No one enjoys being told “no.” But it comes with the territory in B2B sales. While you don’t have to enjoy it, you can use it to change your approach and improve your results. “No” is simply feedback, and it can instruct you in what to do differently in the future.
No to the Commitment for Time
There is only one reason you ever hear the word “no” when you ask your prospective client for a meeting. It doesn’t matter what choice of words your contact uses, the root cause for rejection in sales is that your dream client doesn’t believe that what you offered as a value proposition for a meeting was inadequate to deserving a “yes.”
The feedback of a “no” response here is incredibly valuable to you, even more valuable than a “yes” to a weak ask, one that traded no real value for the meeting. When you recognize that what you offer your contacts in trade for their time isn’t good enough for a “yes,” you can change your approach and improve your offer. You might be tempted to believe that cold calling doesn’t work and that you aren’t responsible for your offering being rejected. Believing this would be ignoring clear feedback that can improve your results with an improvement in your approach.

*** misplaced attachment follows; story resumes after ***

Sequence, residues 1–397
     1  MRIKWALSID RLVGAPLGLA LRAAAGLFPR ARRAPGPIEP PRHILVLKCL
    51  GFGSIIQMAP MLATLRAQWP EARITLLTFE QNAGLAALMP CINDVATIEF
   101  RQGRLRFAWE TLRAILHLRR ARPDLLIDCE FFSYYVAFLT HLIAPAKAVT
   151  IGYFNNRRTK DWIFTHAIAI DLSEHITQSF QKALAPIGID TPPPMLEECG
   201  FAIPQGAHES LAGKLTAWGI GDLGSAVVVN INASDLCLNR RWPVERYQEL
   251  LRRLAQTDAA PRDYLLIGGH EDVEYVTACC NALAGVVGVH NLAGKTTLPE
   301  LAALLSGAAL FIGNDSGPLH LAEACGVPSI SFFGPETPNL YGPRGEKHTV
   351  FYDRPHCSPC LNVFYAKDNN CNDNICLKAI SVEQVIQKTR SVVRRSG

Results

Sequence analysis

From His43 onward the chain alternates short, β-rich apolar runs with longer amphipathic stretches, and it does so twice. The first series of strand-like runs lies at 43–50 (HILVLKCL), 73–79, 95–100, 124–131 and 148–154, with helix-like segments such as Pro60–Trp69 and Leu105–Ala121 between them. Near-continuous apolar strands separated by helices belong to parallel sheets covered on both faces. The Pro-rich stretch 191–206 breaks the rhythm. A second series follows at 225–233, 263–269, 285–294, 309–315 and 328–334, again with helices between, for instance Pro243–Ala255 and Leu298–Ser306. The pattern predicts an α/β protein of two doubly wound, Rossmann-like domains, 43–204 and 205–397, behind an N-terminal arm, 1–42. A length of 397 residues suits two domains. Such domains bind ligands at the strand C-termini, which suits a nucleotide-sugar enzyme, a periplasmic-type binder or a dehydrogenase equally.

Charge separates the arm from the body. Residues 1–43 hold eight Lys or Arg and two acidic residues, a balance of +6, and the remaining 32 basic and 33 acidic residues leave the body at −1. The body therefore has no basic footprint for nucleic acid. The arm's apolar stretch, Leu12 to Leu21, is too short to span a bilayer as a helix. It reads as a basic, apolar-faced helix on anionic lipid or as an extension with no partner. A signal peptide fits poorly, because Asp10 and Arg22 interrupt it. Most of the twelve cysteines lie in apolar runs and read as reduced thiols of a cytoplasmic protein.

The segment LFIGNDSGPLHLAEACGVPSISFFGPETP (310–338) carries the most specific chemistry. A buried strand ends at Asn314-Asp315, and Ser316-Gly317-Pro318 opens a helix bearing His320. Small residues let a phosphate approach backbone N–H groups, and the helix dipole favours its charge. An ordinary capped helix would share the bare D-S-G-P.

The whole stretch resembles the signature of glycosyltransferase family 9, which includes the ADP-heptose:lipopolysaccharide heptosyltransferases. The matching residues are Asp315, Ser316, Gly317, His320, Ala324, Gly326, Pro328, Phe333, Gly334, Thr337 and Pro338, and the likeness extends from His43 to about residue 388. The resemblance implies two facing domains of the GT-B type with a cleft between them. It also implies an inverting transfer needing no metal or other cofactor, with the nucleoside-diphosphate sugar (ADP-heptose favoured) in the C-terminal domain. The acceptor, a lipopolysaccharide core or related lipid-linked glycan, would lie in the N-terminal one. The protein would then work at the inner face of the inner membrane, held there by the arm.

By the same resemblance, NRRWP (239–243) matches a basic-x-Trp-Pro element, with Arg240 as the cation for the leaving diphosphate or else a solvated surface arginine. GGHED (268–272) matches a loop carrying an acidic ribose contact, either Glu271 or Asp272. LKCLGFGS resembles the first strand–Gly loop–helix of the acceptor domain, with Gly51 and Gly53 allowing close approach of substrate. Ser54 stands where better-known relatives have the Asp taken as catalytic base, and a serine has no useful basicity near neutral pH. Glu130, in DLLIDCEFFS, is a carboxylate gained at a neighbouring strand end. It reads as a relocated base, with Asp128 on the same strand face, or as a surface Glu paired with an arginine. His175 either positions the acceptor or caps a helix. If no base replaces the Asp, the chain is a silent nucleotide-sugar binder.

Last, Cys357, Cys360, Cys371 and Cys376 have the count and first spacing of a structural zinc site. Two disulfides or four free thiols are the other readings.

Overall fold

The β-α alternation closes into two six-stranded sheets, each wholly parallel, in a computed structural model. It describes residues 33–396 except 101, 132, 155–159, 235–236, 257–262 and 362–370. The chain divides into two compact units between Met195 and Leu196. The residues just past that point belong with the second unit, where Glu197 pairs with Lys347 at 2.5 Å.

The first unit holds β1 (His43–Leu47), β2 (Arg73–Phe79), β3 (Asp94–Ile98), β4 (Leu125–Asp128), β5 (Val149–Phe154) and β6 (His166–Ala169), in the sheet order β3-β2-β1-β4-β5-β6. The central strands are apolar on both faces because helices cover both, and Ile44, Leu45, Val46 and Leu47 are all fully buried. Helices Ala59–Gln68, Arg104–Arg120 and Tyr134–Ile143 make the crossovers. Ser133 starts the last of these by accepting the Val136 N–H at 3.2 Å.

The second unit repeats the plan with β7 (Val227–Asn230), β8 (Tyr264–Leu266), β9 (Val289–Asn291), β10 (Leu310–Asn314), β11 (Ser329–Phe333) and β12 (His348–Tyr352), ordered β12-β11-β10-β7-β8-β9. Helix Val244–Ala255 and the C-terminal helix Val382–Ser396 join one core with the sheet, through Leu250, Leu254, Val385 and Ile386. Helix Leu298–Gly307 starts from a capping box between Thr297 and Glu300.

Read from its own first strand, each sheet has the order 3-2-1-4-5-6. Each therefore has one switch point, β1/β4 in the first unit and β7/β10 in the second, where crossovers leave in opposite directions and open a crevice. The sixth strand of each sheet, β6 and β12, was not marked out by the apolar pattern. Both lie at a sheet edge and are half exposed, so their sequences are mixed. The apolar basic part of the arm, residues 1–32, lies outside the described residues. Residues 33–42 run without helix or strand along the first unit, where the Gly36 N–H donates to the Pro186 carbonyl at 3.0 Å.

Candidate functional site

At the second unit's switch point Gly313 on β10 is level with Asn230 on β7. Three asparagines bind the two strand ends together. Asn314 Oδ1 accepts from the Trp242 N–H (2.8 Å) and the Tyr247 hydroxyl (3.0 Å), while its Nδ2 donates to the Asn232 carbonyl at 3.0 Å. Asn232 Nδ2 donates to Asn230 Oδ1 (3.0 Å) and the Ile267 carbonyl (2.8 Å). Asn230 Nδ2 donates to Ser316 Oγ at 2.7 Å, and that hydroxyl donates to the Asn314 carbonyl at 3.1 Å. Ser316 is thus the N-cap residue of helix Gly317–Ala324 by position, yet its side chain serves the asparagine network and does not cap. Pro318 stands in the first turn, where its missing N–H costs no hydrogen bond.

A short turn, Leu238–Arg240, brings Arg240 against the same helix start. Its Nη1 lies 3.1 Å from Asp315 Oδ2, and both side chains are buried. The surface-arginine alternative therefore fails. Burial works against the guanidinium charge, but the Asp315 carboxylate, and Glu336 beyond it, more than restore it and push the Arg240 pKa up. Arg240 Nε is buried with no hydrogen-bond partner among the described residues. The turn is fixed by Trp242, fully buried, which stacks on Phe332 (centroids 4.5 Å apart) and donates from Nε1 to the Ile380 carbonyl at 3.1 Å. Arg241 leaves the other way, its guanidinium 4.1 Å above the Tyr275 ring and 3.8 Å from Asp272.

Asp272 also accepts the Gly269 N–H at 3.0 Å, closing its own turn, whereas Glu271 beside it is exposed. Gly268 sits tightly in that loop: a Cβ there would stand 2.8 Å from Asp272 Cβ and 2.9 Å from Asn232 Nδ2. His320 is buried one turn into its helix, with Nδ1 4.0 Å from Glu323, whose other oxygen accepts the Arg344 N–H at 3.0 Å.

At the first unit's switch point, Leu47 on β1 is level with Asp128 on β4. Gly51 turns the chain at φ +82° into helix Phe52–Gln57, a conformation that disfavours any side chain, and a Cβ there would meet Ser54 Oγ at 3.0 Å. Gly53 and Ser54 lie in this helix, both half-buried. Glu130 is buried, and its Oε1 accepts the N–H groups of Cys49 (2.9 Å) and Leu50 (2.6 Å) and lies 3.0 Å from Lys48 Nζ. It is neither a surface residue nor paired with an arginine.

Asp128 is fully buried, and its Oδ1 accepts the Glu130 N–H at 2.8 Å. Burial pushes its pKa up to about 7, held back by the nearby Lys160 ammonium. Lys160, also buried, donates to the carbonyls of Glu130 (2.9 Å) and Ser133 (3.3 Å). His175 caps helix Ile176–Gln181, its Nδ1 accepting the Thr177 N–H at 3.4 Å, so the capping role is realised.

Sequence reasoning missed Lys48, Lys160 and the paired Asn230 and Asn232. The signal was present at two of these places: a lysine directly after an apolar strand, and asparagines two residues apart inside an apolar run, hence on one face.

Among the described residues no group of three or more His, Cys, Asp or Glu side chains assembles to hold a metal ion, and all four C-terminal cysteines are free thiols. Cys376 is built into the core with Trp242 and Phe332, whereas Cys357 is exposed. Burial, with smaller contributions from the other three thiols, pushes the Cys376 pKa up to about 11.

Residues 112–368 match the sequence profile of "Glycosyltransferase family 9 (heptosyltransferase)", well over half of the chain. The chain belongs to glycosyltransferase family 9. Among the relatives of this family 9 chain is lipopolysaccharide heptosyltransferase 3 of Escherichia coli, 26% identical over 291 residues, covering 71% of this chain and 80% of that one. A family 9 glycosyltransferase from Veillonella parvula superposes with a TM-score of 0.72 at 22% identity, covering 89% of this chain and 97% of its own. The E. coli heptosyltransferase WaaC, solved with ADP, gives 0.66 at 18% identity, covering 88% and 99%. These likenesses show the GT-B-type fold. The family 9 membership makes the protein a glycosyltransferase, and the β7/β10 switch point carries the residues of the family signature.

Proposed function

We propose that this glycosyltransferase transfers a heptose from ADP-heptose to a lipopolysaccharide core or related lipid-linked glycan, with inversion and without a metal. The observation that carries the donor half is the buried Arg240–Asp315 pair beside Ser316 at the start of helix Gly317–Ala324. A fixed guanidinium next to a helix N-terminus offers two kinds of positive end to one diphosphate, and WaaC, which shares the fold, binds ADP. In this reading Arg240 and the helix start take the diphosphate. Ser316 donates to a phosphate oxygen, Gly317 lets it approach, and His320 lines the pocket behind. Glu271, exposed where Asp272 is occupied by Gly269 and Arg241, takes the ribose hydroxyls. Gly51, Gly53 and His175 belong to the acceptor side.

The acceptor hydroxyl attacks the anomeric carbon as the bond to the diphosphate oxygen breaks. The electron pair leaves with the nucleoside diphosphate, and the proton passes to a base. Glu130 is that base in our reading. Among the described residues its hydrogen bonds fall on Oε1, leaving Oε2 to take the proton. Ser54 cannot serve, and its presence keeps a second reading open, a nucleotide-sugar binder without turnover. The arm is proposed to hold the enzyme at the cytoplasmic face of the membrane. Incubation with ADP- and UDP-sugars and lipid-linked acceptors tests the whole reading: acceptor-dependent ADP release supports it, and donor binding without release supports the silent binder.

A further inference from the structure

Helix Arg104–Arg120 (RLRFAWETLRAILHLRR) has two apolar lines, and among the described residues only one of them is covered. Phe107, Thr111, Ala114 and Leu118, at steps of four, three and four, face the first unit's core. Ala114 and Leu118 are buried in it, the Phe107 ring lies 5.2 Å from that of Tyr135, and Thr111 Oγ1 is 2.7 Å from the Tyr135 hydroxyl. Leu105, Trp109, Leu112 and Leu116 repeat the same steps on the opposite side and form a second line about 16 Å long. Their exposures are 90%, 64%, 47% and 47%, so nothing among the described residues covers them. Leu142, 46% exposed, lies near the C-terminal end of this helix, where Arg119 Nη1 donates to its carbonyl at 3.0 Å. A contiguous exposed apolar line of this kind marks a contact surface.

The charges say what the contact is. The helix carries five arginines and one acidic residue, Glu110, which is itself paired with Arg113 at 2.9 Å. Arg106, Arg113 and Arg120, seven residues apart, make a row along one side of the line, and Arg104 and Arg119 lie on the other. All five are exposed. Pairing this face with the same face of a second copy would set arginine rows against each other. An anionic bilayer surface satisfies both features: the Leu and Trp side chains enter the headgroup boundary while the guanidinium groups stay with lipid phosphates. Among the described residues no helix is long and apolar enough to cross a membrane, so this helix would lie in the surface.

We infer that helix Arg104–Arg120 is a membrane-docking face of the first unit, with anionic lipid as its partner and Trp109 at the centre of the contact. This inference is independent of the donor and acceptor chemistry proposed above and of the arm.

No to the Commitment to Change
At the end of your discovery meeting, your contact thanks you for your time, suggesting that you will talk again sometime in the future. They didn’t recognize any reason to move forward with another meeting because they don’t believe there is anything they need to do differently, the bane of would-be consultative salespeople everywhere.
The feedback you are getting from a contact who doesn’t believe they need to do anything after meeting with you is that they are not yet compelled to change. For a long time, we counted on our clients to tell us all of the ways they were dissatisfied with their results and invite us to share with them our solutions. Over time, however, B2B sales buyers started to suffer “discovery fatigue,” as salespeople asked them their go-to, ca n’t-fail power question, “What’s keeping you up at night?”
Becoming a consultative salesperson and a trusted advisor requires that you learn to help compel your client to change, helping them discover something about themselves, their company, and their results. This is the modern sales approach.
No to Adding Stakeholders
At some point in time, you are going to have a contact you are working closely with tell you that they are going to be the only person you need to work with and that no one else is needed. When your contact sells you on this proposition, you increase your odds of losing proportionally to the size of the deal. Later, when you lose, your contact will tell you, “We decided to go a different direction,” without ever revealing who made up the “we.”
I have had stakeholders meet with me as a way to prevent me from meeting with anyone else, protecting the incumbent, and making sure their horse won the race by eliminating any other horses from running at all. Most of the time, however, the feedback you get here is that your contact doesn’t know that they need to bring additional stakeholders and build consensus on the need to change, the right solution, and the right partner.